“Why blackface remains popular on college campuses” In the Washington Post by Randa Tawil. Read the Article Here
Discussion and Questions
Primary Source Discussion Questions
1920 Engineering Minstrel Show Program and Review:
- Based on the “Musical Numbers” titles, what do these songs seem to be focused on? Why are these song titles significant and harmful?
- Why was the show important to the engineers and the university?
- How was the show received?
History of the Engineering Minstrel Show:
- Why did the engineering students put on a minstrel show?
- How do you see the linkage of being an engineering student with minstrelsy?
- Why was the minstrel show not performed for a few years? Do you think a lack of attendance could have had anything to do with this, why or why not?
Blackface Themed Party:
- Why would someone hold a Blackface party?
- Why was Blackface so harmful to Black people?
- Do you notice a relationship between university affiliated organizations and Blackface on campus? What is that relationship?
Reading Discussion Questions
- What were some of the reasons that white students participated in Blackface parties?
- What were white peoples’ perceptions of Black students before and after they started attending Midwestern universities? How did it change or remain the same?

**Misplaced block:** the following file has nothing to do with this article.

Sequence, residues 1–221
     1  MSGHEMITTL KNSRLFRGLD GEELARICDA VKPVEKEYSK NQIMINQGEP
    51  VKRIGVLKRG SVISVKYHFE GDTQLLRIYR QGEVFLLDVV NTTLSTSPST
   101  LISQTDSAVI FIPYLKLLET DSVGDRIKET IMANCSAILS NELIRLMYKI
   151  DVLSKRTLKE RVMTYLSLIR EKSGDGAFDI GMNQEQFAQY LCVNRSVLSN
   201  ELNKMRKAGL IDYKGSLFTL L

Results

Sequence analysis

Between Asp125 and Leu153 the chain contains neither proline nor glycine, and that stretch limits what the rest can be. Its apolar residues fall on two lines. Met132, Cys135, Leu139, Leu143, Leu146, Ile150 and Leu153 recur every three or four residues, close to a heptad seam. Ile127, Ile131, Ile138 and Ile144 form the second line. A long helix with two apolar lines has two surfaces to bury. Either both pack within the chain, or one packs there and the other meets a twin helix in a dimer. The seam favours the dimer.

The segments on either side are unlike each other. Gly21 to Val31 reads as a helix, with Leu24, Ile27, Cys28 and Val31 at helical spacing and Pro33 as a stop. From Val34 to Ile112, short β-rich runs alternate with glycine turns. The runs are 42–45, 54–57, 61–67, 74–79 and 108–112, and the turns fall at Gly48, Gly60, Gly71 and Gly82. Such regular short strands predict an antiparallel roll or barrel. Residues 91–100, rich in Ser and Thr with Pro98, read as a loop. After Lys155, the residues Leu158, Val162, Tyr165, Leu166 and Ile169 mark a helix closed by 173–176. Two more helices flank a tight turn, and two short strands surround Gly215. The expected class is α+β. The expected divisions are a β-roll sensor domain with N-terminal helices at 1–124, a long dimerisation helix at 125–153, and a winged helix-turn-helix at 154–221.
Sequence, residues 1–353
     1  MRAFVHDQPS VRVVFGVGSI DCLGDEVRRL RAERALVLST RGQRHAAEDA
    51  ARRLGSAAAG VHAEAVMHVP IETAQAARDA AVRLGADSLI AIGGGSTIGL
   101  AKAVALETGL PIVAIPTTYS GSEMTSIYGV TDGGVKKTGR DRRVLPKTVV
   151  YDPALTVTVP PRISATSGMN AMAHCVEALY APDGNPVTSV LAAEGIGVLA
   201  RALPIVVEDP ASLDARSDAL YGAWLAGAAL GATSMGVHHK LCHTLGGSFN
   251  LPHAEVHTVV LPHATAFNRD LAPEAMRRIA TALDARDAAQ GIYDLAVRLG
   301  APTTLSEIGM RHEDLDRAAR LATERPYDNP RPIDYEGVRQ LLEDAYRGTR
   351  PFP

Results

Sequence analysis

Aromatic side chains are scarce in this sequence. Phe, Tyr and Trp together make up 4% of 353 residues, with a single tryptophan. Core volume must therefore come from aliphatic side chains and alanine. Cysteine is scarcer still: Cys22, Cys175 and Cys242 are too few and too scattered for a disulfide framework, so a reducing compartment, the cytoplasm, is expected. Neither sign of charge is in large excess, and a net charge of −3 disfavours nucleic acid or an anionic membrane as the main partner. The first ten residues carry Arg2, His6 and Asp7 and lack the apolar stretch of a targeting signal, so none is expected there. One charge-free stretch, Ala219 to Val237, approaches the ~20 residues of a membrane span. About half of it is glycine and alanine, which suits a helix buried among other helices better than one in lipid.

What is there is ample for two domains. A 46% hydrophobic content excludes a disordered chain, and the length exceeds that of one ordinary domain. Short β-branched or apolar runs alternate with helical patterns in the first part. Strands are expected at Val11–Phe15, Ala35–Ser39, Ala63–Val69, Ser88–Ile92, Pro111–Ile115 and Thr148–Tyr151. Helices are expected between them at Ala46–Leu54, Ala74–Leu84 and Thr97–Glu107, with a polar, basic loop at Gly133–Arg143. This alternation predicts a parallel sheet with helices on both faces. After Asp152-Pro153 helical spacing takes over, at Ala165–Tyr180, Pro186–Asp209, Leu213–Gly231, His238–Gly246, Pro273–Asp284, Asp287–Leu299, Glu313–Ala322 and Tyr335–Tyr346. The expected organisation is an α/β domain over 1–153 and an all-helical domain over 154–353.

- How did Black Greek Life challenge white fraternities? What were some potential consequences for Black students if they joined these organizations?
Discussion Norms: These are based on Walter Parker, Teaching Democracy: Unity and Diversity in Public Life, 138-9
- Do not raise hands
- Address one another, not the discussion leader
- Invite others into the conversation
- Cite and/or reference the texts to support your texts
- Base response in the reading/sources
- Listen to and build on others’ comments
- Critically Agree and Disagree
For more ideas about structuring discussion and asking good questions, see The Discussion Project
1920 Engineering Minstrel Show Program: Program for the 1920 Engineers’ Minstrel Performance, Memorabilia Collection, Series I 4/13, 1920 Folder, UW–Madison Archives, UW–Madison Libraries.
1920 Engineering Minstrel Show Review: Wilson Trueblood, “The Engineers’ Minstrels of 1920,” Wisconsin Engineer, December 1920, Vol. 25, No. 3, UW–Madison Archives, UW–Madison Libraries.
History of the Engineering Minstrel Show: Wilson Trueblood, “Editorials – Minstrel Show,” Wisconsin Engineer, February 1910, Vol. 14, No. 2, UW–Madison Archives, UW–Madison Libraries.
Blackface Themed Party: “Parties Feature Bowery Ship, Blackface Themes,” Daily Cardinal (Madison, WI), April 28, 1951, UW–Madison Archives, UW–Madison Libraries.
“Racial Snobbery Article” in the Daily Cardinal May 23, 1951: Robert Capener, “On the Soap Box: America Must Call a Halt to Racial Snobbery,” Daily Cardinal (Madison, WI), May 23, 1951, UW–Madison Archives, UW–Madison Libraries.
Photos from Yearbook 1910: University of Wisconsin–Madison, Badger Yearbook Vol. 24 (1910), UW–Madison Archives, UW–Madison Libraries.
Photos from Yearbook 1907 – Minstrel Parade: University of Wisconsin–Madison, Badger Yearbook Vol. 21 (1907), UW–Madison Archives, UW–Madison Libraries.